This is a simple quicksort algorithm, adapted from Wikipedia. Optimized variants of quicksort are common features of many languages and libraries. Mergesort also takes advantage of pre-existing order, so it would be favored for using sort to merge several sorted arrays. On the other hand, quicksort is often faster for small arrays, and on arrays of a few distinct values, repeated many times.
Back to basics A long time ago in a galaxy far, far away…. And guess what, databases have to deal with both situations! The concept The time complexity is used to see how long an algorithm will take for a given amount of data. To describe this complexity, computer scientists use the mathematical big O notation.
This notation is used with a function that describes how many operations an algorithm needs for a given amount of input data. In this figure, you can see the evolution of different types of complexities.
I used a logarithmic scale to plot it. In other words, the number of data is quickly increasing from 1 to 1 billion. We can see that: The O log n stays low even with billions of data.
The worst complexity is the O n2 where the number of operations quickly explodes. The two other complexities are quickly increasing. Examples With a low amount of data, the difference between O 1 and O n2 is negligible.
Indeed, current processors can handle hundreds of millions of operations per second. This is why performance and optimization are not an issue in many IT projects.
To give you an idea: A bad sorting algorithm has an O n2 complexity Note: There are multiple types of time complexity: I only talked about time complexity but complexity also works for: You can read this article on Wikipedia for the real asymptotic definition.
Merge Sort What do you do when you need to sort a collection? You might not understand right now why sorting data is useful but you should after the part on query optimization. Moreover, understanding the merge sort will help us later to understand a common database join operation called the merge join.
Merge Like many useful algorithms, the merge sort is based on a trick: This operation is called a merge. You can see on this figure that to construct the final sorted array of 8 elements, you only need to iterate one time in the 2 4-element arrays.
Since both 4-element arrays are already sorted: Then you take the rest of the elements of the other array to put them in the 8-element array. If it can help you, I see this algorithm as a two-phase algorithm: The division phase where the array is divided into smaller arrays The sorting phase where the small arrays are put together using the merge to form a bigger array.
Division phase During the division phase, the array is divided into unitary arrays using 3 steps. How do I know that?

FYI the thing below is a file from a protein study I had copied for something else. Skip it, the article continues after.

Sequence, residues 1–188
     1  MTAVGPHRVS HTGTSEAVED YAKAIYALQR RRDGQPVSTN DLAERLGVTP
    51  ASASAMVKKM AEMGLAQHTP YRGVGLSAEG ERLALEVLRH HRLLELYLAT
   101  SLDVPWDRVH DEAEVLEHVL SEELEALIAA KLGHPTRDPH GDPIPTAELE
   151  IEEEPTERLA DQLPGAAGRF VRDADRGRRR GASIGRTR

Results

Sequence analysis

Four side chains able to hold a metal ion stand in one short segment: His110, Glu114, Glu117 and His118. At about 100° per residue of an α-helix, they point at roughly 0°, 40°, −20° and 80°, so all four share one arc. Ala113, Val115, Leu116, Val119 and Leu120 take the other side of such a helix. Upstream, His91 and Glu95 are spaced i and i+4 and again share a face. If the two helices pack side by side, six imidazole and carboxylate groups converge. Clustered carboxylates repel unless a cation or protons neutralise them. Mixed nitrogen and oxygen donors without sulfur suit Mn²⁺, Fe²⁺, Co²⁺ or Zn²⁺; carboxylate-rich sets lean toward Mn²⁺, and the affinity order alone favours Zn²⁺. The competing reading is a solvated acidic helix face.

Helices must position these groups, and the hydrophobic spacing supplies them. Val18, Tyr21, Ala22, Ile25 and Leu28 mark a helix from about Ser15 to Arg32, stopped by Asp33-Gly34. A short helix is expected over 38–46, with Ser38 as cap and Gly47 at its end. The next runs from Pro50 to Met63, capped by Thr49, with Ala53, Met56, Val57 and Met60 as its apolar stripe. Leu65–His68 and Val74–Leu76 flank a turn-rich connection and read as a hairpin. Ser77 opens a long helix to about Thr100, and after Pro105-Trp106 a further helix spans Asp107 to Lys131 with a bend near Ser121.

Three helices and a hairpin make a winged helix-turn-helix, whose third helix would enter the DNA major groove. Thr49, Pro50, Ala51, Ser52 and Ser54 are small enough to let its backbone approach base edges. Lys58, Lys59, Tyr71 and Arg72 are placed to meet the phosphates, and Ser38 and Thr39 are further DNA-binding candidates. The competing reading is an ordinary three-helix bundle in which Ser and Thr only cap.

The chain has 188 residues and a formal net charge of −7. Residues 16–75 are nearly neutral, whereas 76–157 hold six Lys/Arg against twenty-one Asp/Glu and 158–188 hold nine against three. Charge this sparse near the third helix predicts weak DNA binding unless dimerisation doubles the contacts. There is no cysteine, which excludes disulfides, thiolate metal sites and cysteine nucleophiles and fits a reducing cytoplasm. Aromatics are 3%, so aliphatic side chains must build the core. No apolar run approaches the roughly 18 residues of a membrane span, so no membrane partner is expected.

The idea is that each step divides the size of the initial array by 2. The number of steps is the number of times you can divide the initial array by two.
This is the exact definition of logarithm in base 2. Sorting phase In the sorting phase, you start with the unitary arrays. The power of the merge sort Why this algorithm is so powerful? The idea is to load in memory only the parts that are currently processed.
This is important when you need to sort a multi-gigabyte table with only a memory buffer of megabytes. This algorithm can turn lead into gold true fact!
If you want to know more, you can read this research paper that discusses the pros and cons of the common sorting algorithms in a database. Array, Tree and Hash table Now that we understand the idea behind time complexity and sorting, I have to tell you about 3 data structures.
Array The two-dimensional array is the simplest data structure. A table can be seen as an array. This 2-dimensional array is a table with rows and columns:Insertion sort is a simple sorting algorithm that builds the final sorted array (or list) one item at a time.
In contrast, an algorithm is a step by step process that describes how to solve a problem and/or complete a task, which will always give the correct result. For our previous non-computing example, the algorithm might be 1) Go to the kitchen. 2) Pick up a glass. 3) Turn on the tap. 4) Put the glass under the running water and remove it once it is almost full. Insertion sort is a simple sorting algorithm that builds the final sorted array (or list) one item at a time. It is much less efficient on large lists than more advanced algorithms such as quicksort, heapsort, or merge srmvision.comr, insertion sort provides several advantages. Task. Sort an array (or list) elements using the quicksort algorithm. The elements must have a strict weak order and the index of the array can be of any discrete type. For languages where this is not possible, sort an array of integers.
It is much less efficient on large lists than more advanced algorithms such as quicksort, heapsort, or merge srmvision.comr, insertion sort provides several advantages.
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Motivation. We already know there are tools to measure how fast a program runs. There are programs called profilers which measure running time in milliseconds and can help us optimize our code by spotting bottlenecks.
While this is a useful tool, it isn't really relevant to algorithm complexity. This Technote describes the on-disk format for an HFS Plus volume. It does not describe any programming interfaces for HFS Plus volumes.
This technote is directed at developers who need to work with HFS Plus at a very low level, below the abstraction . With a low amount of data, the difference between O(1) and O(n2) is negligible. For example, let’s say you have an algorithm that needs to process elements.
Priority queues are introduced as a motivation for heaps. The lecture then covers heap operations and concludes with a discussion of heapsort.